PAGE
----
By: Rhoda Miel
August 21, 2012
TRAVERSE CITY, MICH. (Aug. 21, 10:15 a.m. ET) — CAFE is just part of the future global auto story.
The Corporate Average Fuel Economy standard in the U.S. is going up, but legislation in both Europe and China is pushing automakers just as hard.
“Clearly, we’re looking at a global auto market with 50 miles per gallon everywhere by the 2020 time frame,” said Gary Smyth, executive director of the North American science labs and global research and development for General Motors Co.
To get there, automakers will use engine-boosting technology on traditional gasoline internal combustion engines, invest in diesel engines, add more electric and hybrid vehicle capacity, create all-electric vehicles and — in 2015 — begin selling fuel-cell vehicles. And suppliers must step up production for parts across all of those powertrains.
“We’ve got to look at new materials, at new processes, at new ways of manufacturing all of these,” Smyth said during the Center for Automotive Research’s Management Briefing Seminars in Traverse City.
Four days of sessions on materials, sales, design and production, from Aug. 6-9, all focused on how automakers are reshaping their capabilities to meet future demands.
“The supply chain has to be in place,” said Marianne Morgan, automotive industry manager for BASF Corp. engineering plastics.
For some engine technology, that means that research and production already in place in Europe is transferring to North America — such as performance-boosting technology that allows smaller engines to match performance of larger engines, but while using less fuel.
Other engine production is just being built. Nissan Motor Co. Ltd. will open its $1.7 billion addition in Smyrna, Tenn., this year to produce lithium-ion batteries and its all-electric Leaf car.
Once at full capacity, the site will be able to produce 200,000 battery packs annually, said Carla Bailo, senior vice president of research and development for Nissan Americas.
Tokyo-based Nissan also has development teams in Farmington Hills, Mich., looking at the next generation of electric vehicles and even fuel cells.
“We need more chemical engineers to help us understand all the chemical aspects of what we’re dealing with,” Bailo said.
Toyota Motor Co. is going one step further and will begin sales of its fuel-cell-powered sedan in 2015 in limited markets. Toyota City, Japan-based Toyota also is wrapping up plans for a hydrogen fueling-station infrastructure that will be needed for that fuel-cell fleet, said Justin Ward, powertrain program manager for advanced-technology vehicles at the Toyota technical center.
For plastics suppliers, this all means new possibilities under the hood and in key power components.
Florham Park, N.J.-based BASF, for instance, produces the Ultramid-brand nylon used for the 135 individual lithium-ion battery frames inside GM’s Chevrolet Volt. Morgan noted that the resin supplier is involved in other future programs, and is looking at ways to expand plastics’ use in battery systems.
“There are some things you place your bets on,” she said. “We’re heavily invested in battery technology.”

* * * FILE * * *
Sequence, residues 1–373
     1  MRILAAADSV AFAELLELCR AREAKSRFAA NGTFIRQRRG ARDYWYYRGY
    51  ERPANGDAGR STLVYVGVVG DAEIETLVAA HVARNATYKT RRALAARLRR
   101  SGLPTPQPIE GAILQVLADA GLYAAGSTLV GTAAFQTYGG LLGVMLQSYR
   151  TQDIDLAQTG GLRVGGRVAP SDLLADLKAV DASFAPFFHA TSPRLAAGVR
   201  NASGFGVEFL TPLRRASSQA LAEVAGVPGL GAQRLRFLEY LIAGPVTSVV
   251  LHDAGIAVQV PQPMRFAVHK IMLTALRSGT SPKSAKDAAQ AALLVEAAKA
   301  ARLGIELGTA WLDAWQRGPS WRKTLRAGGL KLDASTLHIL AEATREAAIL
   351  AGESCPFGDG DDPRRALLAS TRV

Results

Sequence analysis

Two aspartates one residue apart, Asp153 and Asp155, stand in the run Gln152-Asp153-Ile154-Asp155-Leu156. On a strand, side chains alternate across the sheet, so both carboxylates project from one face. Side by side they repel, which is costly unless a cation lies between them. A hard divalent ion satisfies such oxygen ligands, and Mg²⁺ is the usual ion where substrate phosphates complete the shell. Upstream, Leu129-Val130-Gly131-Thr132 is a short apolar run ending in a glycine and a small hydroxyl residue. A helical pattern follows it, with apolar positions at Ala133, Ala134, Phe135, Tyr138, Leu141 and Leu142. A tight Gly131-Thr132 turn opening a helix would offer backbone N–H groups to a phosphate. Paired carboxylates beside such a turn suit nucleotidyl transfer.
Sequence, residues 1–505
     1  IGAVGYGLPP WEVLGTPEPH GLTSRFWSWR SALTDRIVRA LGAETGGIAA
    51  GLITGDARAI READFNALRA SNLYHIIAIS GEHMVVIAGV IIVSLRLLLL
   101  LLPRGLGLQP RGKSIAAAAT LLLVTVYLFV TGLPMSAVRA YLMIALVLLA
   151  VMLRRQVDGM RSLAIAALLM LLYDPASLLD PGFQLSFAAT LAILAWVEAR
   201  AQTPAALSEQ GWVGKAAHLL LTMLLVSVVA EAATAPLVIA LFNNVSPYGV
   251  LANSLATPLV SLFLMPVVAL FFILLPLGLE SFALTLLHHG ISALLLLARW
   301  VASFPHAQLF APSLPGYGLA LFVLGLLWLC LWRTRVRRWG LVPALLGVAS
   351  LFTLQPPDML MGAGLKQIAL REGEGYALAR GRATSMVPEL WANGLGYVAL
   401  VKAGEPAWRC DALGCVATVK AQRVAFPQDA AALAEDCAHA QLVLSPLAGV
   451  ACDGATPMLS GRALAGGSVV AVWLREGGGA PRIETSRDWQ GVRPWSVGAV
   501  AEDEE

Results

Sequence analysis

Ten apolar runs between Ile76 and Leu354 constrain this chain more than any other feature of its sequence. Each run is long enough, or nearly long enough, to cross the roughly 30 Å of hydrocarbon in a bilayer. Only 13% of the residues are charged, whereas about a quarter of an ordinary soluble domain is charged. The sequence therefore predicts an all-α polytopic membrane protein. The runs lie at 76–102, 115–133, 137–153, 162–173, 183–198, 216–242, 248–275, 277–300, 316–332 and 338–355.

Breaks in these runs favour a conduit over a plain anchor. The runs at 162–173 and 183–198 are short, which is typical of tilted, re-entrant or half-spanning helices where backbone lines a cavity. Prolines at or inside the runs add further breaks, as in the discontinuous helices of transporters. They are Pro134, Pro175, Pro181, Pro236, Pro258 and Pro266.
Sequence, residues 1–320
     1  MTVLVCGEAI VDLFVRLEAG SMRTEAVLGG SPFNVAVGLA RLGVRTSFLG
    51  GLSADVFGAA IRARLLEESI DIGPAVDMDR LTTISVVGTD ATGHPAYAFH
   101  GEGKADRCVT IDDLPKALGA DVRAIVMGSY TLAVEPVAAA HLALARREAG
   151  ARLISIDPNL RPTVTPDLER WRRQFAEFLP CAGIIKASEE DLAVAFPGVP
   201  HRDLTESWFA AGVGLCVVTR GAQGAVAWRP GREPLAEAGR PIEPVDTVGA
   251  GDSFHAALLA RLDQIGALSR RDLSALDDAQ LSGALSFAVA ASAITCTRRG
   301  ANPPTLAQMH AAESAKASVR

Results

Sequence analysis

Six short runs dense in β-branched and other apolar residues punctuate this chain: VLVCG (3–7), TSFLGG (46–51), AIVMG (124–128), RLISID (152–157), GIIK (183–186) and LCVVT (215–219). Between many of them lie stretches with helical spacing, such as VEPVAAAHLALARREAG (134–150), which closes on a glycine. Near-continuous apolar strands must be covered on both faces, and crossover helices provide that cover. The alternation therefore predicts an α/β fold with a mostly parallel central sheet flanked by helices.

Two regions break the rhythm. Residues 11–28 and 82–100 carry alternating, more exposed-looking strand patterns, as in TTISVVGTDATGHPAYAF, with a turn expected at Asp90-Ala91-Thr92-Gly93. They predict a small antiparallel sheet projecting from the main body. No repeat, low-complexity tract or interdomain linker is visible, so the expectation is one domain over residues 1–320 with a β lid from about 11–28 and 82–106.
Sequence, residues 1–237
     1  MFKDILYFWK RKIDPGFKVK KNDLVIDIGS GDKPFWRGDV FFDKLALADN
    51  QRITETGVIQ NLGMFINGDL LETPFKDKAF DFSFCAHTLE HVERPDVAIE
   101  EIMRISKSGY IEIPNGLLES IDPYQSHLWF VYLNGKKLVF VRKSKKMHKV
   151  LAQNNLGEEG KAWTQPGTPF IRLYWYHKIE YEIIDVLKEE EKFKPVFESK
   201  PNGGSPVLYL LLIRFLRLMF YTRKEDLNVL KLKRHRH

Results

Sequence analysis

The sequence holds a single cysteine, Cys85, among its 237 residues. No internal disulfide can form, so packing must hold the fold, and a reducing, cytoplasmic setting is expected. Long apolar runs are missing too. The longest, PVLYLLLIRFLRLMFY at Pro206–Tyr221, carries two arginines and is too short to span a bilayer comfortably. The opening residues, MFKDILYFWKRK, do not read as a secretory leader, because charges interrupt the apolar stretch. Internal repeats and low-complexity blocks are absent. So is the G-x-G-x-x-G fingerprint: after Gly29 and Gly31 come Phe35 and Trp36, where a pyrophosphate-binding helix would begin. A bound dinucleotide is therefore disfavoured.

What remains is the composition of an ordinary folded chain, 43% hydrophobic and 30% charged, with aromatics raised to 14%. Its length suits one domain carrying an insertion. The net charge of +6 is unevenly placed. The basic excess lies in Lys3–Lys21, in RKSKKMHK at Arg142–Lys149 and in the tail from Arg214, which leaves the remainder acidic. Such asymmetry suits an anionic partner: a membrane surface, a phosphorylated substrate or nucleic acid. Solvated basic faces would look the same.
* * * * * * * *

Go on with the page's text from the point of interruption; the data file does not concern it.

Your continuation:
Smyth said Detroit-based General Motors is investing in extensive research on new battery technology, including separators — the thermoplastic film at the heart of every lithium-ion cell. It also is pushing toward a future fuel-cell vehicle.
“We’re now at a point where we need to take this technology forward and drive cost down and develop the infrastructure,” he said.
In addition to their use inside fuel-cell battery systems, composite tanks typically are used in fuel-cell vehicles to store on-board hydrogen used as the fuel.
Nylon also is benefiting from improvements to internal combustion engines already on the market. A typical enhanced engine has “hot” and “cool” side chargers that require tight tolerances and high temperatures that fit right into engineering resins’ capabilities, Morgan pointed out.
Ford Motor Co. already uses DuPont resins in the EcoBoost engine for its F-150 pickup trucks for chargers, ducts and other parts.
Later this year, Dearborn, Mich.-based Ford will expand its EcoBoost offerings to a three-cylinder-engine Focus that can perform as well as a four-cylinder engine while using 20 percent less fuel, according to the company. By 2014, Ford expects that 90 percent of its nameplates will offer an EcoBoost engine option, said Joe Bakaj, vice president of powertrain engineering.
At the same time they are adding new systems, those companies need to keep weight down.
Volkswagen AG of Wolfsburg, Germany, is using a plastic oil pan in its 2-liter, EA888 engines, part of an effort to reduce engine weight by 30 percent, said Oliver Schmidt, general manager of the engineering and environmental office of Volkswagen Group of America.
Morgan said BASF expects valve covers — currently made with plastic in 80-85 percent of engines sold in Europe — will see more sales in North America, where they now make up 30-35 percent of the market.
But with that 2020 deadline approaching, suppliers need to get their materials and production capabilities on line quickly.
“If you don’t already have [material] validated for an existing engine, it’s going to be hard [for it] to be adapted into a new engine,” Morgan said.